By Linda Collins
Fairborn Daily Herald
ENON — The Enon/Mad River Township Fire and EMS Department opened its bay doors Friday morning, Oct. 14 to Enon Primary School kindergarten and first-grade students who learned the importance of checking smoke detectors and establishing escape routes in case of fire.
The young scholars divided into groups and took a grand tour of the fire and EMS station, with firefighters Ben Beair, John Heath, Nick Thornton, Mike Gardone and Chase Black. The students’ visit to the firehouse concluded a number of hangs-on activities in conjunction with National Fire Prevention Week, which was held between Oct. 9 and Oct. 15.
The National Fire Protection Association (NFPA) established Fire Prevention Week in 1922 to remember the Great Chicago Fire of 1871 that began on Oct. 8. The NFPA has since sponsored the fire prevention campaign each year during the month of October to emphasize the importance of fire safety and inspire individuals to take action to prevent fires and save lives.
Beair said the theme of the 2016 campaign: “Don’t Wait – Check the Date! Replace Smoke Alarms Every 10 Years,” will help educate the public about the importance of replacing smoke alarms in their homes at least every 10 years, and to determine the age of smoke alarms by checking the manufacturing date on the back of the alarms.
“We want to educate the students about basic but essential elements of smoke alarm safety, as well as other fire prevention techniques, so they can share this information with their parents,” Beair said.
The firefighters passed out packets of fire prevention materials to the students and tailored their fire safety messages for the young groups.
“The firefighters always do a wonderful job teaching the students on an elementary level, and they are really great with the kids,” said Enon Primary Kindergarten Teacher Jody Lambert.
The kindergarteners and first graders got a close-up look at the firefighters’ gear, a medic unit and a ladder truck. The students also had the opportunity to spray water using the hug fire hose, and several students handled the “jaws of life.”
Kindergartener Lily Alexander said she really enjoyed spraying the fire hose, and first grader Isis Brookins said she particularly liked the 77-foot-high ladder that peered above the ladder truck. Kindergartener Jack Tuttle and first graders Adam Butler and Xavier Zeunen were all in awe of how heavy the two “jaws of life” were.
“We appreciate the fire and EMS department for taking time with the students each year and teaching them the basic fire prevention principles,” said First Grade Teacher Angela Pyle. “The trip to the firehouse is always a nice way to end Fire Prevention Week.”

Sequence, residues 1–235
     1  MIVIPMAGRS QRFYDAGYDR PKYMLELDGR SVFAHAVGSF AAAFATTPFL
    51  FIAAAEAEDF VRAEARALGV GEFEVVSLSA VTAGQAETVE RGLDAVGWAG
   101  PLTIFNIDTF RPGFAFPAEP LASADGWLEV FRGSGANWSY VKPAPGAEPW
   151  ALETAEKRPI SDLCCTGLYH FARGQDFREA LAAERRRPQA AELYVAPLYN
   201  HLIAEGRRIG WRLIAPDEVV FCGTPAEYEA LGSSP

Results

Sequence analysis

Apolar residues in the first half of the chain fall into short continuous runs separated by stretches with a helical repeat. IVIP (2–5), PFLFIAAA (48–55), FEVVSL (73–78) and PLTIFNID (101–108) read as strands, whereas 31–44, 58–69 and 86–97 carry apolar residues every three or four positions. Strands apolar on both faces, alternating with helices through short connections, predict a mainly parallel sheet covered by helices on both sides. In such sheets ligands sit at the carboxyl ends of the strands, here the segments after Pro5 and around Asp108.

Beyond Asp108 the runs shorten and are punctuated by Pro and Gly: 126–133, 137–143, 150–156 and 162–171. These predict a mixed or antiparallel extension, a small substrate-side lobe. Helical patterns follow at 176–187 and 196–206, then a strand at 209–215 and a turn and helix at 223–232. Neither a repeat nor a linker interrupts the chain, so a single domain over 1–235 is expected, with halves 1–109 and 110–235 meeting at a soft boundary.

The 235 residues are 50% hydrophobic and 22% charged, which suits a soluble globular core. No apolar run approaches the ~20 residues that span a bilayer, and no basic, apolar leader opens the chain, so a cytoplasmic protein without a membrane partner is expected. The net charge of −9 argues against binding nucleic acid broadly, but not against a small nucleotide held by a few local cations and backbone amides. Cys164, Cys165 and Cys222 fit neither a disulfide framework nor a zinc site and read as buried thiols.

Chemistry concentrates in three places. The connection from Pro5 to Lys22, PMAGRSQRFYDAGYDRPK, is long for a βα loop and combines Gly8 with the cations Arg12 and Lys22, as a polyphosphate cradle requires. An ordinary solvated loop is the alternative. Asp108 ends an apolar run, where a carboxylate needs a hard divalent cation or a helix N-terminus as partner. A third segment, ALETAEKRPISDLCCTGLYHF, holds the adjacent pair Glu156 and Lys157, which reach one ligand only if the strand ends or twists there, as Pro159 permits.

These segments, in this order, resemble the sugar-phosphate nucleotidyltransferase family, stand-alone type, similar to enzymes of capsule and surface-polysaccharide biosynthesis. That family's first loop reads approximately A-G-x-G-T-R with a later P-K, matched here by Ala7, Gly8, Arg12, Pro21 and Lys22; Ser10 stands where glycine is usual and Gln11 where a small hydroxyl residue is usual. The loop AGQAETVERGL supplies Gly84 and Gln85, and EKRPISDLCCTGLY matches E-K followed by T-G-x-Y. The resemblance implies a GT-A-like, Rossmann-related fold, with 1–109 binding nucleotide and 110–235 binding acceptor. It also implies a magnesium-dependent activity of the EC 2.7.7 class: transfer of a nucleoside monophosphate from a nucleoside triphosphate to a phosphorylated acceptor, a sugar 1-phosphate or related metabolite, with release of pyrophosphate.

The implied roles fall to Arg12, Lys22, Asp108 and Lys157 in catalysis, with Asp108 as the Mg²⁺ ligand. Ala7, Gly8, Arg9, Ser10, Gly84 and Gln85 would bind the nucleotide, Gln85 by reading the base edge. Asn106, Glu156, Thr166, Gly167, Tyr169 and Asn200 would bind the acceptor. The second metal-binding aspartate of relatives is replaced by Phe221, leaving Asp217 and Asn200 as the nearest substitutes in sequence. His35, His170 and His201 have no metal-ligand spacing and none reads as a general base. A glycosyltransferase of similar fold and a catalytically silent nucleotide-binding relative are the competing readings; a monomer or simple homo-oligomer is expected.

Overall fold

This month, the teachers have used a variety of resources to teach their kindergarten and first-grade students about fire safety and prevention and prepare them for certain emergencies.
“We like to visit the firehouse each year to reinforce what the students have learned throughout the month, such as certain vocabulary words related to fire prevention. It also provides the opportunity for the students to meet and interact with those firefighters who help keep them safe,” said First Grade Teacher Lisa Marshall.
The five firefighters expressed their pleasure in hosting the student tours each year and providing vital fire-prevention information to the public.
“We really enjoy it, and this gives us a chance to show the students what we do,” Thornton said. “It is also a way to recruit future firefighters too.”
The fire association is currently reaching out to the community and providing one combined smoke and CO detector per household while supplies last. Residents living in Mad River Township only are invited to come by the fire and EMS station from 5 to 8 p.m. on Thursday evenings and pick up a detector.
“We are also going to stock our fire trucks with several smoke and CO detectors to give to residents as well,” Gardone said.
The local firefighters are spending time this week visiting other schools, daycares, and preschools. Preschoolers also visited the firehouse the first week in October.
For more information on Fire Prevention Week, visit the National Fire Protection Association’s website at www.nfpa.org.